David Wessel is Director of CNMAT and has been Professor of Music at the University of California Berkeley since the Fall of 1988. Prior to his return to the Bay Area he spent 12 years in various key positions at IRCAM in Paris. Throughout the mid eighties he headed IRCAM's personal computer software development group. He received his PhD in Mathematical and Theoretical Psychology from Stanford University where he encounted Leland Smith and John Chowning in the late 60's and began his work in the computer music field. His computer music research and composition is carried out with a strong concern for issues in music perception and cognition. For more information see

Adrian Freed has been responsible for software and systems development at CNMAT since 1989. Before moving to CNMAT he co-developed the Reson8, a multi-processor signal processing engine based on the Motorola DSP56000 that was optimized for resonance sound synthesis, sound mixing and spatialization. Before this he developed hard disk audio recording technology at WaveFrame. His pioneering work on graphical user interfaces in audio post-production, the MacMix program, resulted in Studer Editech's widely respected Dyaxis system. His debut in the computer music field came in 1982 at IRCAM where he was responsible for computer systems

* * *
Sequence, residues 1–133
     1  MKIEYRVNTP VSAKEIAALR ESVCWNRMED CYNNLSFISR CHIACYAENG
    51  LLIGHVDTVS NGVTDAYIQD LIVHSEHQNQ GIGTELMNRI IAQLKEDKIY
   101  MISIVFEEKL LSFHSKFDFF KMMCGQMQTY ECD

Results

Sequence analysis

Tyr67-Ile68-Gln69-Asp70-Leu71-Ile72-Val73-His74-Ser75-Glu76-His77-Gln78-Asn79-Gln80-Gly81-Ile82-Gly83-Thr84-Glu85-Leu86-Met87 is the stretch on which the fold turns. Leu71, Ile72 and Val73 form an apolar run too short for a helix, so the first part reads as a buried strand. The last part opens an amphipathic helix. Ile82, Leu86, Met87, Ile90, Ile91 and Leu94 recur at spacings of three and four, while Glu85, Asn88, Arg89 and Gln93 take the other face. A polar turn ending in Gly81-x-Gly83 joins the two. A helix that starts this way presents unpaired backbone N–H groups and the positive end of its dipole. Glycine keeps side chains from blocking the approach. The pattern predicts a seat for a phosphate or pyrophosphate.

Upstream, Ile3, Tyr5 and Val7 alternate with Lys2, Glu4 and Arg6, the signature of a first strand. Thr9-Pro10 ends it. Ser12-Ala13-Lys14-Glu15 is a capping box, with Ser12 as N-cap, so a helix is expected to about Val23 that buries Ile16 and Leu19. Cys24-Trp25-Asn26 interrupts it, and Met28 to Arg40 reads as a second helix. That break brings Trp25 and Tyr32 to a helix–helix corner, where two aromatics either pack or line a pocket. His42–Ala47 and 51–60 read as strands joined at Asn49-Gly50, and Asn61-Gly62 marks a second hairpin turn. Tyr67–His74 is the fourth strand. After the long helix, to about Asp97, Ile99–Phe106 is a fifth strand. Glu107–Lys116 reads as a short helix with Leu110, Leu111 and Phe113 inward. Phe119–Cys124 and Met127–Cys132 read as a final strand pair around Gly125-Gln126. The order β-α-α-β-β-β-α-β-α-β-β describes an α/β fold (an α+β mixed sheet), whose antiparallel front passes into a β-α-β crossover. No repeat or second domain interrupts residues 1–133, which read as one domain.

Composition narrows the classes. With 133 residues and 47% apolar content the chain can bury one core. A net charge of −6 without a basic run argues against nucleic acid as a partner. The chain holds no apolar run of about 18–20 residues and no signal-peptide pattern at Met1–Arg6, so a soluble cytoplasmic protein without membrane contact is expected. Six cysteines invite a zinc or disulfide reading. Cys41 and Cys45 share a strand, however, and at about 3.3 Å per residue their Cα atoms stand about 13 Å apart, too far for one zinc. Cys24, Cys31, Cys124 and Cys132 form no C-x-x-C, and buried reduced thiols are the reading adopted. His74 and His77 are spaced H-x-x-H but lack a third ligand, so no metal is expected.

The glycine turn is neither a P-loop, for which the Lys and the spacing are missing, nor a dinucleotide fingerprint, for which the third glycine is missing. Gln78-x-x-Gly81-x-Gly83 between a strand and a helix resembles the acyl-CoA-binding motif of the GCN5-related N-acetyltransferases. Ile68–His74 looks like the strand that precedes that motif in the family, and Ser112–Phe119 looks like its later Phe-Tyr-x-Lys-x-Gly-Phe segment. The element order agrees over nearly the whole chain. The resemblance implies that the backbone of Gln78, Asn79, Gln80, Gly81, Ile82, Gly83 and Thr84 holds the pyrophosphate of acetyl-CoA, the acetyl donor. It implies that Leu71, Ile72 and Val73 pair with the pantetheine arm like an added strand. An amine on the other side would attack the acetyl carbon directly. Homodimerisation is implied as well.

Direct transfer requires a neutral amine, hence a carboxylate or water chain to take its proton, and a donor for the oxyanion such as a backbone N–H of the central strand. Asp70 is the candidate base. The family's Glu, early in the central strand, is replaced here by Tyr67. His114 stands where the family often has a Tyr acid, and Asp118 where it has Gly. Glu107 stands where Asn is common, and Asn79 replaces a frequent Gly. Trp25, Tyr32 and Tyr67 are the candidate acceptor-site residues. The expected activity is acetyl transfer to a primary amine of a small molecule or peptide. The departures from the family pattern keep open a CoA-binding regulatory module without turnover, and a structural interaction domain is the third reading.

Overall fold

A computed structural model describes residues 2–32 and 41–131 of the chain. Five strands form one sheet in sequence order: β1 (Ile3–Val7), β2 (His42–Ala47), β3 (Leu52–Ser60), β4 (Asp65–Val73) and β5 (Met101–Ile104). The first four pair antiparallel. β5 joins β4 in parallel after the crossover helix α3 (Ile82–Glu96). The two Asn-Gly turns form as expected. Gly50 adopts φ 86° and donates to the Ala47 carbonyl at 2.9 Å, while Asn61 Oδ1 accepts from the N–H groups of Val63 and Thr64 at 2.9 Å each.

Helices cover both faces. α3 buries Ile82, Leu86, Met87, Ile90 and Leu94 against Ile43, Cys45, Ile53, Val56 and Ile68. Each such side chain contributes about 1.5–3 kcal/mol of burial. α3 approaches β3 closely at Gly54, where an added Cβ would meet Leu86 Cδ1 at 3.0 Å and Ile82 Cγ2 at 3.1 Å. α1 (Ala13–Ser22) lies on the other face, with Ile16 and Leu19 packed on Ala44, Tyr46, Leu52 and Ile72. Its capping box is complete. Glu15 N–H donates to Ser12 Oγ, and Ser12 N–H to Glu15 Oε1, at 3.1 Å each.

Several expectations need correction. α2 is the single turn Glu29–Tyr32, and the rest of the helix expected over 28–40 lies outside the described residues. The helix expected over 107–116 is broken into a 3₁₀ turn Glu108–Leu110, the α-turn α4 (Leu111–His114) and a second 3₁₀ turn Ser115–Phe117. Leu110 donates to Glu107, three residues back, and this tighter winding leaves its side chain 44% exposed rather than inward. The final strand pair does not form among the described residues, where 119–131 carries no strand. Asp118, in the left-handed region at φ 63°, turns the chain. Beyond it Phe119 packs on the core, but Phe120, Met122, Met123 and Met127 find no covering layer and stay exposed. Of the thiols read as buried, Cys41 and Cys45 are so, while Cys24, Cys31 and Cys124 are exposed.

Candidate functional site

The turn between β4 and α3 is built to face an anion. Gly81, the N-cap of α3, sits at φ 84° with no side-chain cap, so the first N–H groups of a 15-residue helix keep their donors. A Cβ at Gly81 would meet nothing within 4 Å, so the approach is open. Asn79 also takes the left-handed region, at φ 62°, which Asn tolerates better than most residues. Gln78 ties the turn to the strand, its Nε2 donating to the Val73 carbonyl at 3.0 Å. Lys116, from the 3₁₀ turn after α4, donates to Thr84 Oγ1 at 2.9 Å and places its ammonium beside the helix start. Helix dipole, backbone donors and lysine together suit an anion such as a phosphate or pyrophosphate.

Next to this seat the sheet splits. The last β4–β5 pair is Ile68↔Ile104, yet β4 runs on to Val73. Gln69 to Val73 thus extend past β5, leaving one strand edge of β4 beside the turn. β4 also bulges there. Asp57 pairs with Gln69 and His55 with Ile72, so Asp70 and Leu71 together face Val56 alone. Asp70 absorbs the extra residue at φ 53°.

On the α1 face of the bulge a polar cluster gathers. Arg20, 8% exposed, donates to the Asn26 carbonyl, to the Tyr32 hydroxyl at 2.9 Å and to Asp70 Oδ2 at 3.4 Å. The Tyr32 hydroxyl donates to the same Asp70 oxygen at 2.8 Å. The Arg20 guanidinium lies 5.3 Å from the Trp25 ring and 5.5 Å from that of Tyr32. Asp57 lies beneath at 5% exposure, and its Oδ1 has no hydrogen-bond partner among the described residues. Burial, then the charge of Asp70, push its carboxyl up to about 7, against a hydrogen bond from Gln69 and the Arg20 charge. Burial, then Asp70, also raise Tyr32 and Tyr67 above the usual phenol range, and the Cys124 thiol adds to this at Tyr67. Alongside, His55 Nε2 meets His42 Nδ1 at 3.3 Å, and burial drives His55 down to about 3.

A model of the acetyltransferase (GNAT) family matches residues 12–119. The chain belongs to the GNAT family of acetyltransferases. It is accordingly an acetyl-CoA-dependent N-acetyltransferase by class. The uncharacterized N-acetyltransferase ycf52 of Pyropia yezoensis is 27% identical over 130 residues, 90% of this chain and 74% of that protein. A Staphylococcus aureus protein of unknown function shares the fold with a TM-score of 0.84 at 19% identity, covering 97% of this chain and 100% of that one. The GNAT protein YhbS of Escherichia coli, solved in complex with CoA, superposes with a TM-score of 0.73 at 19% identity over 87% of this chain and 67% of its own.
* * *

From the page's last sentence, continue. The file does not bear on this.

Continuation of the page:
Guy E. Garnett is a composer, conductor, researcher, theorist, and computer music specialist. His composition, research, theory, and computer performance interests are in using new technologies to extend composition and performance resources, especially in the area of rhythmic organization and perception, and control and design of electronic music instruments. He has also been involved in designing composition environments and tools in Smalltalk. He has worked at Stanford University's CCRMA on physical modeling of musical instrumnets and graphical tools for spectral analysis. Before coming to CNMAT, he was employed by Yamaha Music Technologies to develop technology for use in advanced musical synthesis and instrument control.

Guillermo Garcia, researcher IRCAM, Signal Processing. Sound Analysis and modelling techniques including timbral interpolation and singing voice modelling.

Amar Chaudhary, UC Berkeley